Friday, January 7, 2022

Making Sense by Sam Harris

I've been listening to Sam Harris's podcast on and off now for quite a few years. For those who don't know him, he's an American philosopher and neuroscientist who's possibly best known for unpacking many hot-button topics. Obviously, this has earned him a fair amount of criticism from certain quarters, but it doesn't detract from the manner in which he approaches his rational inquiries. Whether you agree with him or not, I still feel that he often raises points that are worth turning over.

Making Sense
is a selection of discussions that appeared on his podcast, and features the likes of Nick Bostrom, David Chalmers, David Deutsch, Daniel Kahneman, David Krakauer, Glenn C Loury, Thomas Metzinger, Robert Sapolsky, Anil Seth, Timothy Snyder, and Max Tegmark. All these contributors are specialists in their fields that range from philosophy and physics to neuroscience and history.

Some of what is covered includes consciousness, notions of the self, the nature of knowledge, intelligence (and AI), ethics, and a range of topics that slot in among these bigger pictures. I'll admit straight up that some of the discussions strayed into territory that I found incredibly challenging, but I'm also a big champion of reading outside of my comfort zone, so this hefty tome most certainly presented a worthy investment of my time that stretched my grey matter a fair bit. So, perhaps a word of caution – this is not an easy read for the average person (like me!)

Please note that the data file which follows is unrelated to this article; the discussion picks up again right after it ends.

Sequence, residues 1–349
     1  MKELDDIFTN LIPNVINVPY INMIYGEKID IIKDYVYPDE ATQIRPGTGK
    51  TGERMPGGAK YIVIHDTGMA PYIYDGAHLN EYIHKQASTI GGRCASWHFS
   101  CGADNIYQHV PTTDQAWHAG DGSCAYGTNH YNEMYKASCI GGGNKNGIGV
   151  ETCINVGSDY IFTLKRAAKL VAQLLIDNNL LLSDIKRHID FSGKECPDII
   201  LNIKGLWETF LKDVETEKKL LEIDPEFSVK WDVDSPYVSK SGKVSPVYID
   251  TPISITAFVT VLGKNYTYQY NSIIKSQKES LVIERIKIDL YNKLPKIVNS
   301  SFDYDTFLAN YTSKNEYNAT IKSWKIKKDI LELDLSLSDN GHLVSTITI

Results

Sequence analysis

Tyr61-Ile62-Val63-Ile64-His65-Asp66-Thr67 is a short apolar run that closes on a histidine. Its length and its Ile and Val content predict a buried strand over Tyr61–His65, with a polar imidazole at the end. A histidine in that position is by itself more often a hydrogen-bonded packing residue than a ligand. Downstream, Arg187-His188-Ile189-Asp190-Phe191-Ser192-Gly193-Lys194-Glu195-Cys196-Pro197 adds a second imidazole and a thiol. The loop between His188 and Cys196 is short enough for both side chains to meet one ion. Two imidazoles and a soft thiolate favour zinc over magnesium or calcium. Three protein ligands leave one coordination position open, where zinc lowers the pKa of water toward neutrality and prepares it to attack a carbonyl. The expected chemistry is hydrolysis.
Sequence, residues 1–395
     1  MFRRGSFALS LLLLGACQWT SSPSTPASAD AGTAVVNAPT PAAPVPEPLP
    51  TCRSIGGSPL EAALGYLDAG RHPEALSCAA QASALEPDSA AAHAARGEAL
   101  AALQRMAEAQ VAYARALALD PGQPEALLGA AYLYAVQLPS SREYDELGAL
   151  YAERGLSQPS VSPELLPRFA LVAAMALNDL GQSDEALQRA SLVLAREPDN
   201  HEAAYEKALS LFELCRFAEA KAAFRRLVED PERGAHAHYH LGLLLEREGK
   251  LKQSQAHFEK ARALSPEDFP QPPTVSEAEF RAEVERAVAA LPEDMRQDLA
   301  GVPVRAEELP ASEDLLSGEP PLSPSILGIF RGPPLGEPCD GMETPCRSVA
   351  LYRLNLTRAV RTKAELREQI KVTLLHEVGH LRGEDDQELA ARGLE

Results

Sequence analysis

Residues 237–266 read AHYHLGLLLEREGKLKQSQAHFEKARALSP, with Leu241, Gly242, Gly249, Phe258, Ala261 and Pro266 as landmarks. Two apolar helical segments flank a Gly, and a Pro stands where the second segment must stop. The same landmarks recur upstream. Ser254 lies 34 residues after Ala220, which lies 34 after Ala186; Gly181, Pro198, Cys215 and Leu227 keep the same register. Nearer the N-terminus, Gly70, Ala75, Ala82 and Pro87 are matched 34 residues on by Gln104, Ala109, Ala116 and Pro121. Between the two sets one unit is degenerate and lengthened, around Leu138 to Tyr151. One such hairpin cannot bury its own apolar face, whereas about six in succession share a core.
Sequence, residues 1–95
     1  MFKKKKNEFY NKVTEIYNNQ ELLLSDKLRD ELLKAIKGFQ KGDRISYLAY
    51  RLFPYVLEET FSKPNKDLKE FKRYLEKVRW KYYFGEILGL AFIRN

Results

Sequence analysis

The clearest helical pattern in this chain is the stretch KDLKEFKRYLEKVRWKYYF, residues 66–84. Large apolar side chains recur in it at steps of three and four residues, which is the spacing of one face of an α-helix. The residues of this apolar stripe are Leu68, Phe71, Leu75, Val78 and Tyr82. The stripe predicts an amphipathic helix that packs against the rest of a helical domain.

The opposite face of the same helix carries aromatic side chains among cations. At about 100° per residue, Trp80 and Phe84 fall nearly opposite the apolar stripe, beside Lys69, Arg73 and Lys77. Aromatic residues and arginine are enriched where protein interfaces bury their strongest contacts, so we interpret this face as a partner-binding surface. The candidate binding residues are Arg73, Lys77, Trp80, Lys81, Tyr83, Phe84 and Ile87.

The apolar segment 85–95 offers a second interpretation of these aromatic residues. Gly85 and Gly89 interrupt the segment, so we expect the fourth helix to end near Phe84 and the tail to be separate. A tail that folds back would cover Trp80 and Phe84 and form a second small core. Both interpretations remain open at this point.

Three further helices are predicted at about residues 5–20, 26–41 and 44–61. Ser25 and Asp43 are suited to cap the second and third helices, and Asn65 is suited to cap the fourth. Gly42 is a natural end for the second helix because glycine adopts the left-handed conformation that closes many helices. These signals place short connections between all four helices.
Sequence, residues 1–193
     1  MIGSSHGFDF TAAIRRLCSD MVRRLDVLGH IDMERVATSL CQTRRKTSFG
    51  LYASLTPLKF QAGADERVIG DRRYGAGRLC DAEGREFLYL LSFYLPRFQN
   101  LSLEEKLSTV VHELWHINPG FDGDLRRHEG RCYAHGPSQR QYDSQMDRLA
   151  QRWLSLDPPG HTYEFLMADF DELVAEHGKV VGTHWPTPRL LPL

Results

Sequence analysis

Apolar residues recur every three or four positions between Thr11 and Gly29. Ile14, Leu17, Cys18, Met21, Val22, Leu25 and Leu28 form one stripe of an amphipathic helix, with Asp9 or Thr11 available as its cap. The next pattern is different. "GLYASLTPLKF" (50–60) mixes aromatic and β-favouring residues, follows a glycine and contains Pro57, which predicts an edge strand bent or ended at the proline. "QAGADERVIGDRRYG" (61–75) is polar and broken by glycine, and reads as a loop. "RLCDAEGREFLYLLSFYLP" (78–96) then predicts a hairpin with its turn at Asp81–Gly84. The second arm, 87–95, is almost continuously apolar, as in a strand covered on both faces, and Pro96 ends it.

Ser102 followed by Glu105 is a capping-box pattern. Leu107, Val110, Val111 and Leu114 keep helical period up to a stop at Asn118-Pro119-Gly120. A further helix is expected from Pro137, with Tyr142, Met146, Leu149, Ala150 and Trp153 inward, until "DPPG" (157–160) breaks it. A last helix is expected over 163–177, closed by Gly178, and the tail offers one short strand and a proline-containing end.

My biggest takeaway from Making Sense is that as a species we need to be able to take a collective view that is broader and more objective, and to be especially aware of how easy it is for us to remain within the parameters that are 'easy' or 'less effort'. From what I can glean, there are many exciting developments in the worlds of computer programming and neuroscience, and especially so where the two fields are starting to overlap in the development of AI. It's interesting to see also how the experts in these fields often disagree with each other, but most important is Harris's emphasis on ethics, rationality, and growing an understanding not just how we think, but how we share the collected wisdom for future generations. 

This is most certainly a book to delve into again in the future, especially to see how things might have developed since then. Harris and his contributors often engage in lively debate, and it's good to see some of that flavour translate from the spoken to written word. 

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